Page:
Sonoran Institute works to ensure flowing rivers, healthy landscapes, and thriving communities in the basin.
On April 19, American Rivers released its annual endangered rivers report with the Colorado River topping its list. Acknowledging prolonged drought’s impact on the river and an outdated river management system, the report calls for “proven, equitable solutions that enhance water security and river health, while building resilience to future climate change.”
With the Colorado River experiencing dramatically reduced flows and additional shortages forecast, all seven basin states and Mexico are grappling with the reality of having to lessen their demands for Colorado River water. At a recent event on the 100th anniversary of the Colorado River Compact, experts were in near unison that all water use sectors will need to do a better job of conserving water in response to reduced flows and to prevent federally mandated cuts in water deliveries.
The Colorado River Basin’s growing cities and towns are no exception. As their demand for water increases, they must do a better job managing their water resources if they expect farmers and ranchers, the largest river water users, to voluntarily agree to use less water. Over the next five years, Sonoran Institute will enable local governments to reduce water demand and secure good quality water supply in sustainable, environmentally sensitive and equitable ways.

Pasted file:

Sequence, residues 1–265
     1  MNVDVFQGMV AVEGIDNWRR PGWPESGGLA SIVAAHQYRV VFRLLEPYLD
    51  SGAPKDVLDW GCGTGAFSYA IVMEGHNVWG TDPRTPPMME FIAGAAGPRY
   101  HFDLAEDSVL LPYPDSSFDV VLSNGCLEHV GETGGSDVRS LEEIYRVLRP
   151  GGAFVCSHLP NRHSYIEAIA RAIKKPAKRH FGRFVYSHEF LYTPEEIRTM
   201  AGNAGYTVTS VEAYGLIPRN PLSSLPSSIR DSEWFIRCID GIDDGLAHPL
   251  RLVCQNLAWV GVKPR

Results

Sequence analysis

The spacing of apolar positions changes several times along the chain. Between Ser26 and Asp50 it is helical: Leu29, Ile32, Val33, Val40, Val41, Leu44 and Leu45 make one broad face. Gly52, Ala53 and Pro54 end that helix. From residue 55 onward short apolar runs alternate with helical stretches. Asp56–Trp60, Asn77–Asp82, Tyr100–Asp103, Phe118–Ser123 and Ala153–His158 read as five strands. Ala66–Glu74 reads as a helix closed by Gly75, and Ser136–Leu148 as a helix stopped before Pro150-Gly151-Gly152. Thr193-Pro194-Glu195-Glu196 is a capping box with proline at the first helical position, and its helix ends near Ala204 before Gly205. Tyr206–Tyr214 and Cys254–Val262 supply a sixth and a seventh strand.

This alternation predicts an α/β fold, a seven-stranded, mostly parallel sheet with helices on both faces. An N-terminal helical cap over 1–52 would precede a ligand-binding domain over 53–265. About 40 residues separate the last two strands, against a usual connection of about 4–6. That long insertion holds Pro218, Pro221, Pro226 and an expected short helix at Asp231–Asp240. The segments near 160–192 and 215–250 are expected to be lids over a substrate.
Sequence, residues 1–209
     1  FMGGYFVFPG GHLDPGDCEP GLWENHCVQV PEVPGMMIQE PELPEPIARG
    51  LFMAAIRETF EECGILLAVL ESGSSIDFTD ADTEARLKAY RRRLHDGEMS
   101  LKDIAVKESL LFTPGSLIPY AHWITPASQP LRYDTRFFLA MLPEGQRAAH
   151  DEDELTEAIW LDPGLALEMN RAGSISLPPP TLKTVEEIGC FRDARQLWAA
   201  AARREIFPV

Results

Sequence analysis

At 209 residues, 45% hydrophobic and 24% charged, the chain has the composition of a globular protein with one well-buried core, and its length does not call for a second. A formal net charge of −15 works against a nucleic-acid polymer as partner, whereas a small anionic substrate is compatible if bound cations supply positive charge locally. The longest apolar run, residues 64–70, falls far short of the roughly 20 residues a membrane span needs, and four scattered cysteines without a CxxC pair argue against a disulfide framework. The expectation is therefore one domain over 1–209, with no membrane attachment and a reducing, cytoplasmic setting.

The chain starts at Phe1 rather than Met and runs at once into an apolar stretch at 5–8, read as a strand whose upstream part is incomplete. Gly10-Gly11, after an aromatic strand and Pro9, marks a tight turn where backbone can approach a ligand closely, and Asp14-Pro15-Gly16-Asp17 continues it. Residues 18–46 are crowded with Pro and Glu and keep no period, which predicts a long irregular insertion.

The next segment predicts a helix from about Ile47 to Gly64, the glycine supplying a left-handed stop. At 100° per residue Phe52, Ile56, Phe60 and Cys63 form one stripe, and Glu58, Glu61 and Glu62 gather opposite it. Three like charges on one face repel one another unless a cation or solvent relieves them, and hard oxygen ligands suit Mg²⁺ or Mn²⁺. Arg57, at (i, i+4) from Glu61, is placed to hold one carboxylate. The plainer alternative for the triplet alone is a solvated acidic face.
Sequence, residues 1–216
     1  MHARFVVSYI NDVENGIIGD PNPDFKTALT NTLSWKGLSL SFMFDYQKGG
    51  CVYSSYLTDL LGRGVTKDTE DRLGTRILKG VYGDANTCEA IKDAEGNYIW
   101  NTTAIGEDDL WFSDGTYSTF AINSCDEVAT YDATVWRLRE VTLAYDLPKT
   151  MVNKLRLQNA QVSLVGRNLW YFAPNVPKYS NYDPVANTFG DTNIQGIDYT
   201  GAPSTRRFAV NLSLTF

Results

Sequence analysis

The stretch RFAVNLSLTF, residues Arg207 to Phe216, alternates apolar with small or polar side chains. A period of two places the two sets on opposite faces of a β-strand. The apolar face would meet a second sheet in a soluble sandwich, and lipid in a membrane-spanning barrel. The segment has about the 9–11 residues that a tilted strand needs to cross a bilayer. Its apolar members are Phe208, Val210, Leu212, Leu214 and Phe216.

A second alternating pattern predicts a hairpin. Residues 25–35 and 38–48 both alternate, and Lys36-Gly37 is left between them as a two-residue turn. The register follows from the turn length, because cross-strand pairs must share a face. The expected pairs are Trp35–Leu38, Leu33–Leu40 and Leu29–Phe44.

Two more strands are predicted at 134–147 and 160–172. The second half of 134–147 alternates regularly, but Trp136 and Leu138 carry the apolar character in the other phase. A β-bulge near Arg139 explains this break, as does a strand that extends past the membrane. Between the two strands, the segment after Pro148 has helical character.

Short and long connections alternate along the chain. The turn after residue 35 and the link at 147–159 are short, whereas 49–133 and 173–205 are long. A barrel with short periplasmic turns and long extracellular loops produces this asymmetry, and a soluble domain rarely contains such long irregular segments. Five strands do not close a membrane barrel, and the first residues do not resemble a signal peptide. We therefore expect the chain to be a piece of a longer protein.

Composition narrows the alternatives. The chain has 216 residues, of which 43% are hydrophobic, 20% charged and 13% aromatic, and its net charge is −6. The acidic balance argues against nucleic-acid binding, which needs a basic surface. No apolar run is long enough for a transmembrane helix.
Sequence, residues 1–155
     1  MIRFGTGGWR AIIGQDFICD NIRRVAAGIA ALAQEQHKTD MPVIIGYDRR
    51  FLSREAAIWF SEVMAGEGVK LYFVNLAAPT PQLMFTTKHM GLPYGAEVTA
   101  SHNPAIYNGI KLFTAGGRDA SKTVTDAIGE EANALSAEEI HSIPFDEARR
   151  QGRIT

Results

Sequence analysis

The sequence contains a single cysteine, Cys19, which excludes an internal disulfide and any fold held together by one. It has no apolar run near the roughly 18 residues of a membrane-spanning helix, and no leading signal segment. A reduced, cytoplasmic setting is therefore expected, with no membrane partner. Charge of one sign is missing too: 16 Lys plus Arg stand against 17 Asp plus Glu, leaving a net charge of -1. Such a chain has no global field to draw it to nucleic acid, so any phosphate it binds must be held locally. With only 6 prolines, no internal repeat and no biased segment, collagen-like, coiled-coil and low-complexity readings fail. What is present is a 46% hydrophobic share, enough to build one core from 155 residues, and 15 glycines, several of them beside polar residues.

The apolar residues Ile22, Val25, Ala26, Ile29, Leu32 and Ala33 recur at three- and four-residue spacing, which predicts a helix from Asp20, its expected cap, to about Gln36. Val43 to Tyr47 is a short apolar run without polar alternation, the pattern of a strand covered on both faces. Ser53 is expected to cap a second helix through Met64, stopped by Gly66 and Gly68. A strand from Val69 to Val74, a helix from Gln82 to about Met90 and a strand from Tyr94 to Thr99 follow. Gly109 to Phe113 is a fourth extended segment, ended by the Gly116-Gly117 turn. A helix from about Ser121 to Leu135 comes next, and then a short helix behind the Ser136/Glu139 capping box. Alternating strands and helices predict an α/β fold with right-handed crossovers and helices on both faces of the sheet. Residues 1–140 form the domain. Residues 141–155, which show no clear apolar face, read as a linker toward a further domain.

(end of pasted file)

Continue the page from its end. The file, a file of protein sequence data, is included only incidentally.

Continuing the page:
At the same time, we must place a priority on maintaining Colorado River flows for wildlife and the region’s recreation and tourism economy upon which so many basin communities depend. Sonoran Institute will be working to ensure the river connects to the sea as part of an ongoing, ambitious effort to restore Colorado River Delta, while encouraging communities to use treated wastewater, stormwater, and agricultural runoff to keep our rivers healthy and flowing.
Lastly, equitable solutions require addressing historic inequities around securing tribal water rights and physical access to their water. Sonoran Institute will do this by participating in ongoing dialogue with tribes and stakeholders, promoting new research findings and policy proposals, and developing tools and resources that enhance tribal capacity around sustainable water management.
Our thanks to American Rivers for highlighting the challenges and opportunities facing the Colorado River. Working together, we can envision “a Colorado River Basin where rivers flow, landscapes are healthy, and all communities thrive.”
Written by John Shepard